Development and validation of side-impact crash and sled testing finite-element models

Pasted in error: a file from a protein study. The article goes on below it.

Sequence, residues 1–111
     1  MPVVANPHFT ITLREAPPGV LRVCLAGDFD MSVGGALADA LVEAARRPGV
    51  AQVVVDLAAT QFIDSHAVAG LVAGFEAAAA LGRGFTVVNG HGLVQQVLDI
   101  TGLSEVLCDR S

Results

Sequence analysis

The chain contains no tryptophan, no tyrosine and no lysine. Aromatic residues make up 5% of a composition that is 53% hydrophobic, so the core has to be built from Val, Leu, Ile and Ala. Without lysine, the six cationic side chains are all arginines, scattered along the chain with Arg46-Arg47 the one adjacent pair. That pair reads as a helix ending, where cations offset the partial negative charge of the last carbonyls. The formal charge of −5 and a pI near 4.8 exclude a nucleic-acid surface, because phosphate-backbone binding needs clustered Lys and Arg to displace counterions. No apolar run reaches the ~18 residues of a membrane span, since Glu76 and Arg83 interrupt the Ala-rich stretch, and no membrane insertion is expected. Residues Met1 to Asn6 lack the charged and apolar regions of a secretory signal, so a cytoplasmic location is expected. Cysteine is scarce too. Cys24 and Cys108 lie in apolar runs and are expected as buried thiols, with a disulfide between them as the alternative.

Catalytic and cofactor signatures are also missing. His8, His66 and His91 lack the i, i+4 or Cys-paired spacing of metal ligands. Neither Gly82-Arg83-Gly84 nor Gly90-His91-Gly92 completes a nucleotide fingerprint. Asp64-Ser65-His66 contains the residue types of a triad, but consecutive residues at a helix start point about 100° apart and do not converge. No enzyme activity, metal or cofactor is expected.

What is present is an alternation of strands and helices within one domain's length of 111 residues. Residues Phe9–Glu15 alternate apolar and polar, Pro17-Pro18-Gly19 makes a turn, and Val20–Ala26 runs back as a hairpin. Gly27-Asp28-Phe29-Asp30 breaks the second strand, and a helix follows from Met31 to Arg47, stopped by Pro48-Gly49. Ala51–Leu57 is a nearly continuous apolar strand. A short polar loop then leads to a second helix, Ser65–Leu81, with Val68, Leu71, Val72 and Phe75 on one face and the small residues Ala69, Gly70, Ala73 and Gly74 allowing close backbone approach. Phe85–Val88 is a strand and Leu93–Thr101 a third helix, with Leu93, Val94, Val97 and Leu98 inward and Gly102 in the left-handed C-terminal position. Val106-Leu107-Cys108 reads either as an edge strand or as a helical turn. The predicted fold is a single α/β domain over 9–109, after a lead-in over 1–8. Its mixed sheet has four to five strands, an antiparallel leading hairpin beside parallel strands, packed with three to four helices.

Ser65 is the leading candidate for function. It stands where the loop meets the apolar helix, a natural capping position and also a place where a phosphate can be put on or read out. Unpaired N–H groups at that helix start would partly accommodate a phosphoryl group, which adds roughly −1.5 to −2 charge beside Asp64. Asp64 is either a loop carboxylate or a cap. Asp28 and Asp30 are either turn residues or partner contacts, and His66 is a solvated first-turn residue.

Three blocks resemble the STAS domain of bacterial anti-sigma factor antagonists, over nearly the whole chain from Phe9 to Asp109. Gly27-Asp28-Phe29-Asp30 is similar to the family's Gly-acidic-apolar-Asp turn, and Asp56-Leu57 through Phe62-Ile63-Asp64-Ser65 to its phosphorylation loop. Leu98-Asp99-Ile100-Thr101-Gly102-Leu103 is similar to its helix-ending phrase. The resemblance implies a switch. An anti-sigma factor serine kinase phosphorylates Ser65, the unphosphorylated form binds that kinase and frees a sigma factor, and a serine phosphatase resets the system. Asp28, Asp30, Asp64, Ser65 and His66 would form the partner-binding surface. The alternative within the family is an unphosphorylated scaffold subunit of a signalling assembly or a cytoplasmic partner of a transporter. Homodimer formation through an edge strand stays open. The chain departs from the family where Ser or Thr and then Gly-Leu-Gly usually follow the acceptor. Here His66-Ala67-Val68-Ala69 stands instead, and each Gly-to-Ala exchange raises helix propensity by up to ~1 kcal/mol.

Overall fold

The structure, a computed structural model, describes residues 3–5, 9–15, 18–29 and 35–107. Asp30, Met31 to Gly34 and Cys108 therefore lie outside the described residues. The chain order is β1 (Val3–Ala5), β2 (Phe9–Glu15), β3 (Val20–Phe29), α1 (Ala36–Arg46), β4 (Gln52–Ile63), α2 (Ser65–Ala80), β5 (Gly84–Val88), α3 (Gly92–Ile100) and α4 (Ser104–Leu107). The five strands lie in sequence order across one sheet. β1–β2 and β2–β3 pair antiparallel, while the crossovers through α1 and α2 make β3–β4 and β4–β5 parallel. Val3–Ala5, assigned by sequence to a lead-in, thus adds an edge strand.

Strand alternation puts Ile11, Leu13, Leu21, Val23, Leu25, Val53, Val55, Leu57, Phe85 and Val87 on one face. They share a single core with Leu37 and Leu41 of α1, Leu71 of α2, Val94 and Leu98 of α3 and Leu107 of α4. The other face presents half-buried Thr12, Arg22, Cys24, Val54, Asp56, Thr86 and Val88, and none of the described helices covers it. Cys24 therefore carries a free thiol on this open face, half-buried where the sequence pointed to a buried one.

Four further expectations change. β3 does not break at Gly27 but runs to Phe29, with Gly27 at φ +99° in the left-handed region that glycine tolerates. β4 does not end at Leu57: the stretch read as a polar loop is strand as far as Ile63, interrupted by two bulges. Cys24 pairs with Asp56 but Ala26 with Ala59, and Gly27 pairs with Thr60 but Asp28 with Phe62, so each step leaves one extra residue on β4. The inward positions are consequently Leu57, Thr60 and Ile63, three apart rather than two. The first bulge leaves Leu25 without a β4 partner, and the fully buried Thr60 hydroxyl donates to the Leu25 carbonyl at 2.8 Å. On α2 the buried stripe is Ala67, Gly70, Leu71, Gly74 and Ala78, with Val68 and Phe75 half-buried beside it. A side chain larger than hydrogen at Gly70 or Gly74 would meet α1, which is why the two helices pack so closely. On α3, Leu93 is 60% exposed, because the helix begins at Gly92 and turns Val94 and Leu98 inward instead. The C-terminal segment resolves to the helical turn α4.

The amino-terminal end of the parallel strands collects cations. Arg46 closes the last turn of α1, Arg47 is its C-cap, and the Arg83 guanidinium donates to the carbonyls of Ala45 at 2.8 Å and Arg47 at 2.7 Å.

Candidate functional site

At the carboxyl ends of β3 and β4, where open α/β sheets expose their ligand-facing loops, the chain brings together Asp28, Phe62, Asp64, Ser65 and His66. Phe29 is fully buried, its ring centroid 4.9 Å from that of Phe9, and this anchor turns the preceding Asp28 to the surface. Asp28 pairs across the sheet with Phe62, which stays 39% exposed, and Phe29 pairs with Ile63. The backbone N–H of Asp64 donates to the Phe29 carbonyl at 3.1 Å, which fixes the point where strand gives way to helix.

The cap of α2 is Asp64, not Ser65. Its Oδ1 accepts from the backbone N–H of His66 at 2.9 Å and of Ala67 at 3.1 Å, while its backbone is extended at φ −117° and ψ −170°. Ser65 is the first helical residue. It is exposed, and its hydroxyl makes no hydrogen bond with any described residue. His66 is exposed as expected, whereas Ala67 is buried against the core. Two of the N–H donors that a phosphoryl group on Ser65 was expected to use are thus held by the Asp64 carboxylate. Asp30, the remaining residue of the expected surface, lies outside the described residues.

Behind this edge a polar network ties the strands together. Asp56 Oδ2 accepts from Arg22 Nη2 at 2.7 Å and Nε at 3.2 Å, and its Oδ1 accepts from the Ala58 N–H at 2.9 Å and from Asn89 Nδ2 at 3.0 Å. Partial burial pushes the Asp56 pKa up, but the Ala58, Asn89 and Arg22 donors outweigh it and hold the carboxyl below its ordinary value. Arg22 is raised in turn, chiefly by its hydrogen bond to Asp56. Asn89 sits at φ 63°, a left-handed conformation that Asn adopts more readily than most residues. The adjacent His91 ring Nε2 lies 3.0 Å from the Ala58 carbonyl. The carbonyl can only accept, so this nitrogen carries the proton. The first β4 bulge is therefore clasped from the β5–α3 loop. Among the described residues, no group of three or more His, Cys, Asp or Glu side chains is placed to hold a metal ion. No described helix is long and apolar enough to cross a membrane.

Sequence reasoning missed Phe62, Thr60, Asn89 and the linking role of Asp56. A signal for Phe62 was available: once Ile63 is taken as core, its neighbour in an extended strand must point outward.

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<ul><li><p>This article was downloaded by: [University of California, San Francisco]On: 19 November 2014, At: 07:54Publisher: Taylor &amp; FrancisInforma Ltd Registered in England and Wales Registered Number: 1072954 Registeredoffice: Mortimer House, 37-41 Mortimer Street, London W1T 3JH, UK</p><p>Vehicle System Dynamics: InternationalJournal of Vehicle Mechanics andMobilityPublication details, including instructions for authors andsubscription information:</p><p>Development and validation of side-impact crash and sled testing finite-element modelsTso-Liang Teng a , Kuan-Chun Chang a &amp; Chien-Hsun Wu ba Department of Mechanical and Automation Engineering , Da-YehUniversity , Changhua, Taiwan, ROCb Automotive Research and Testing Center , Changhua County ,Taiwan, ROCPublished online: 30 Aug 2007.</p><p>To cite this article: Tso-Liang Teng , Kuan-Chun Chang &amp; Chien-Hsun Wu (2007) Developmentand validation of side-impact crash and sled testing finite-element models, Vehicle SystemDynamics: International Journal of Vehicle Mechanics and Mobility, 45:10, 925-937, DOI:10.1080/00423110701560068</p><p>To link to this article:</p><p>PLEASE SCROLL DOWN FOR ARTICLE</p><p>Taylor &amp; Francis makes every effort to ensure the accuracy of all the information (theContent) contained in the publications on our platform. However, Taylor &amp; Francis,our agents, and our licensors make no representations or warranties whatsoever as tothe accuracy, completeness, or suitability for any purpose of the Content. Any opinionsand views expressed in this publication are the opinions and views of the authors,and are not the views of or endorsed by Taylor &amp; Francis. The accuracy of the Contentshould not be relied upon and should be independently verified with primary sourcesof information. Taylor and Francis shall not be liable for any losses, actions, claims,proceedings, demands, costs, expenses, damages, and other liabilities whatsoever orhowsoever caused arising directly or indirectly in connection with, in relation to or arisingout of the use of the Content.</p><p>This article may be used for research, teaching, and private study purposes. Anysubstantial or systematic reproduction, redistribution, reselling, loan, sub-licensing,systematic supply, or distribution in any form to anyone is expressly forbidden. Terms &amp;</p><p></p></li><li><p>Conditions of access and use can be found at</p><p>Dow</p><p>nloa</p><p>ded </p><p>by [</p><p>Uni</p><p>vers</p><p>ity o</p><p>f C</p><p>alif</p><p>orni</p><p>a, S</p><p>an F</p><p>ranc</p><p>isco</p><p>] at</p><p> 07:</p><p>54 1</p><p>9 N</p><p>ovem</p><p>ber </p><p>2014</p><p></p></li><li><p>Vehicle System DynamicsVol. 45, No. 10, October 2007, 925937</p><p>Development and validation of side-impact crash and sledtesting finite-element models</p><p>TSO-LIANG TENG*, KUAN-CHUN CHANG and CHIEN-HSUN WU</p><p>Department of Mechanical and Automation Engineering, Da-Yeh University, Changhua, Taiwan, ROCAutomotive Research and Testing Center, Changhua County, Taiwan, ROC</p><p>Side-impact collisions are the second leading cause of death and injury in the traffic accidents afterfrontal crashes. Side-impact airbags, side door bars and other protection techniques have been devel-oped to provide occupant protection. To confirm the effectiveness of protection equipment installed invehicles, studying the degree of impact is fundamental to understand the effect of automobile collisionson the human body. Therefore, the dynamic response of the human body to traffic accidents shouldbe analyzed to reduce the level of occupant injuries. Generally, the experimental method is complexand expensive. Recently, numerical crash simulations have provided a valuable tool for automotiveengineers. This work presents full-scale and sled side-impact test finite-element (FE) models basedon the Federal Motor Vehicle Safety Standard No. 214 that simulate a side-impact accident. Thecrash simulations utilized the LS-DYNA finite-element code. The human bodys dynamic response tocrashes is discussed herein. Additionally, occupant injuries were measured. To verify the accuracy ofthe proposed crash test and sled test FE models, simulation results are compared with those obtainedfrom experimental tests. The comparison results indicate that the proposed crash test and sled test FEmodels have considerable potential for assessing a vehicles crash safety performance and assistingfuture development of safety technologies.</p><p>Keywords: Side impact; Full-scale crash test; Sled test; Simulation; Injury</p><p>1. Introduction</p><p>Traffic accidents claim 10,000 lives annually. Vehicle safety became a common concern ofmanufacturers and consumers. Accident statistics [1] indicate that injury and fatality rates infrontal collisions exceed those from side collisions and rear-end impacts. Manufacturers havemade significant improvements in protecting occupants during head-on collisions. Notably,side-impact collisions are the second leading cause of death and injury in the traffic accidentsafter frontal crashes. Unlike a frontal collision, side-impact collisions are unique; that is,the space between an occupant and the side of the vehicle is minimal. Hence, the occupanthas very little protection when a vehicle is struck on its side. Side-impact airbags, side doorbars and other protection techniques have been developed to occupant protection. Assessingthe effectiveness of protective equipment is crucial during the design stage. Discussing theinteraction between vehicle occupants and passive safety devices is essential when developing</p><p>*Corresponding author. Email:</p><p>Vehicle System DynamicsISSN 0042-3114 print/ISSN 1744-5159 online 2007 Taylor &amp; Francis</p><p> 10.1080/00423110701560068</p><p>Dow</p><p>nloa</p><p>ded </p><p>by [</p><p>Uni</p><p>vers</p><p>ity o</p><p>f C</p><p>alif</p><p>orni</p><p>a, S</p><p>an F</p><p>ranc</p><p>isco</p><p>] at</p><p> 07:</p><p>54 1</p><p>9 N</p><p>ovem</p><p>ber </p><p>2014</p></li><li><p>926 T.-L. Teng et al.</p><p>safe and effective protective equipment. Therefore, researching the degree of impact a bodyundergoes during an impact is fundamental to vehicle safety design.</p><p>Analyzing the dynamic response of an occupant during a vehicle collision and confirmingthe effectiveness of vehicle protection equipment requires developing an efficient evaluativeand analytical methodology that can assess the safety aspects of a vehicle. Generally, dynamicresponse of and injury to human bodies in crash tests can be analyzed in two ways: experimen-tal and numerical simulations. The experimental analysis can be further deconstructed intofull-scale crash tests [13] and sled experiments [46]. Crash testing is commonly employedfor examining occupant protection capability of a particular vehicle. Although full-scale crashtests can achieve results that closely resemble an actual accident, this method is complexand expensive. Sled testing is an effective means of evaluating crash safety of vehicle inte-riors. This technique can simulate real crash conditions without destroying vehicle structure.Therefore, the sled system is typically employed to assess the protective capability of safetyequipment during vehicle research and development stages. Recently, advances in computertechnology have allowed applied mathematicians, engineers and scientists to solve previ-ously intractable problems. The crash and sled tests can be performed exactly by computersimulations. As such, computer simulation is an economical and time efficient alternativeto physical testing. Simulation methods for predicting occupant kinematics and calculatinginjury criteria include MADYMO, Pam Crash and LS-DYNA [711]. Advances in numericalsimulation techniques and computer capabilities have made computer testing a powerful toolfor investigating crash safety. Moreover, computer simulation for crashworthiness evaluationhas contributed to shortening the time required to design vehicles.</p><p>To confirm vehicle occupant safety, most countries issue safety standards and regulations towhich vehicles must conform, such as the Federal Motor Vehicle Safety Standards (FMVSS)and the Economic Commission for Europe (ECE) regulations, etc. Safety standards and reg-ulations are typically minimum safety performance standards for motor vehicles and theirrelated equipment. A goal of these standards is to protect the public against unreasonablerisk of crashes that result from design, construction or performance of motor vehicles andagainst unreasonable risk of death or injury during a crash. To meet these regulations anddevelop equipment with enhanced safety, finite-element (FE) modeling in simulations can beused to investigate the dynamic behavior of occupants and injury analysis. This work presentsfull-scale and sled side-impact test FE models based on the FMVSS-214 that simulatea side-impact accident. The crash simulations utilized the LS-DYNA FE code. The humanbodys dynamic response to crashes is discussed herein. Additionally, occupant injuries weremeasured. To verify the accuracy of the proposed crash test and sled test FE models, simula-tion results are compared with those obtained from experimental tests. The comparison resultsindicate that the proposed crash test and sled test FE models have considerable potential forassessing a vehicles crash safety performance and assisting future development of safetytechnologies.</p><p>2. Full-scale crash test</p><p>2.1 Regulation</p><p>Side-impact protection standards have been adopted in both the USA and the Europe. FMVSS-214 (USA) and ECE-R95 (European) dynamic side-impact regulations are quite different,especially with respect to their concerns about occupant injury. In this study, a side-impacttest was performed according to the FMVSS-214 specification.</p><p>Dow</p><p>nloa</p><p>ded </p><p>by [</p><p>Uni</p><p>vers</p><p>ity o</p><p>f C</p><p>alif</p><p>orni</p><p>a, S</p><p>an F</p><p>ranc</p><p>isco</p><p>] at</p><p> 07:</p><p>54 1</p><p>9 N</p><p>ovem</p><p>ber </p><p>2014</p></li><li><p>Development and Validation of Side-Impact Crash and Sled Testing FE Models 927</p><p>Figure 1. The test set-up of FMVSS-214.</p><p>FMVSS-214 specifies performance requirements for protection of occupants in side-impactcrashes. The aim of this standard is to reduce the risk of serious and fatal injury to occupants ofmotor vehicles in side-impact crashes by setting vehicle crashworthiness requirements in termsof accelerations measured on anthropomorphic dummies in test crashes. For the physical test,the procedure was simplified with the struck vehicle stationary and the moving deformablebarrier (MDB) striking the target vehicle. Wheels of the deformable barrier were crabbed atan angle of 27 from the longitudinal direction of the barrier. Figure 1 shows the test set-up. Dummies in vehicle must satisfy the requirements of FMVSS-214 when the stationaryvehicle is impacted by MDB at 54 km/h (33.5 mph). This test was intended to simulate anintersection crash involving two moving vehicles. Dummy injuries to the thorax and pelvicarea were assessed along with vehicle structural damage.</p><p>The thorax and the pelvis are mainly injured by side impact. The US-SID dummy responsemeasurements consisted of the thorax and pelvic accelerations. The FMVSS-214 specificationstipulates that the TTI shall not exceed 85 and 90 g for a passenger car with four side doorsand with two side doors, respectively. And the peak lateral acceleration of the pelvis shall notexceed 130 g for all vehicles.</p><p>2.2 FE models of full-scale crash test</p><p>The FE side-impact test model was conducted according to the FMVSS-214 specification andprocedure. The model is shown in figure 2. The model consisted of three systems combinedinto one FE model: (1) the side-impact vehicle model; (2) the MDB model and (3) the US-SIDmodel. Overall models of side-impact test are validated according to the FMVSS-214. Thevalidations are described in [12].</p><p>In this study, a Ford Taurus model was analyzed in a dynamic side-impact test. The full-vehicle FE model was developed by EASi Engineering for the National Highway Traffic SafetyAdministration (NHTSA). The FE model of the Ford Taurus has 171 parts, representing thevehicle components. The full-vehicle FE model for the side-impact simulation, consistingof 49,453 nodes and 5,327 elements, was used. The MDB, weighing 1,367 kg, is designed</p><p>Dow</p><p>nloa</p><p>ded </p><p>by [</p><p>Uni</p><p>vers</p><p>ity o</p><p>f C</p><p>alif</p><p>orni</p><p>a, S</p><p>an F</p><p>ranc</p><p>isco</p><p>] at</p><p> 07:</p><p>54 1</p><p>9 N</p><p>ovem</p><p>ber </p><p>2014</p></li><li><p>928 T.-L. Teng et al.</p><p>Figure 2. FE model of the full-scale side-impact test: a) front view, b) isometric view.</p><p>to represent an average mid-size vehicle in the US market. The FE model of the MDB wasoriginally developed by NHTSA. The model is composed of seven components, 8,908 nodesand 5,848 elements. The US-SID FE model used in the simulation is based on the Hybrid III50% dummy. The model includes the head, neck, upper spine, lumbar spine, pelvis, upper legs,lower legs, feet, jacket and ribcage. The geometry of the different components of the dummywas obtained from design drawings of the Hybrid III 50% dummy. The model is composedof 69 components, 43,874 nodes and 57,032 elements. The overall mass, and the mass andinertia of each component of the dummy, match those of the Hybrid III 50% dummy.</p><p>3. Side-impact sled test</p><p>3.1 Side-impact sled system</p><p>The proposed side-impact sled systems, such as the BASIS system of TNO automotive(figure 3a) and the M-SIS system of HYGE Inc., were developed to assess vehicle</p><p>Dow</p><p>nloa</p><p>ded </p><p>by [</p><p>Uni</p><p>vers</p><p>ity o</p><p>f C</p><p>alif</p><p>orni</p><p>a, S</p><p>an F</p><p>ranc</p><p>isco</p><p>] at</p><p> 07:</p><p>54 1</p><p>9 N</p><p>ovem</p><p>ber </p><p>2014</p></li><li><p>Development and Validation of Side-Impact Crash and Sled Testing FE Models 929</p><p>manufacturers in developing side-impact safety technology. The sled system simulates aninner door panel to occupant intrusion during a side impact. This tests set-up is appropriatefor the development of airbags and trim panel stiffness. By utilizing a sled test facility and elim-inating the need for test vehicles, this system is a cost effective alternative to full-scale crashtesting. The side-impact sled system was developed to realistically simulate the kinematics ofa full-scale side-impact crash test. This system utilizes the sleds computer-controlled brakingsystem to precisely trace the acceleration and deceleration of the crash vehicle. The BASISsystem is employed in this work as an example to illustrate the components of a sled system[13]. As figure 3b indicates, the test set-up is a frame (1) on which a door (2) is mounted;next to the door is a seat, in which a dummy sits, placed on a smaller sled (3) that runs onlinear rails (4). Both the frame and rails are attached to the inverse crash simulator (ICS) sled.An appropriate pulse for the ICS is based on a full-scale test or computer simulation. Whena pulse is applied, the seat with the instrumented dummy moves along the linear rails towardthe door due to inertia. Similar to its action during a full-scale impact, the dummy hits a side</p><p>Figure 3. BASIS system of TNO automotive [13].</p><p>Dow</p><p>nloa</p><p>ded </p><p>by [</p><p>Uni</p><p>vers</p><p>ity o</p><p>f C</p><p>alif</p><p>orni</p><p>a, S</p><p>an F</p><p>ranc</p><p>isco</p><p>] at</p><p> 07:</p><p>54 1</p><p>9 N</p><p>ov...</p></li></ul>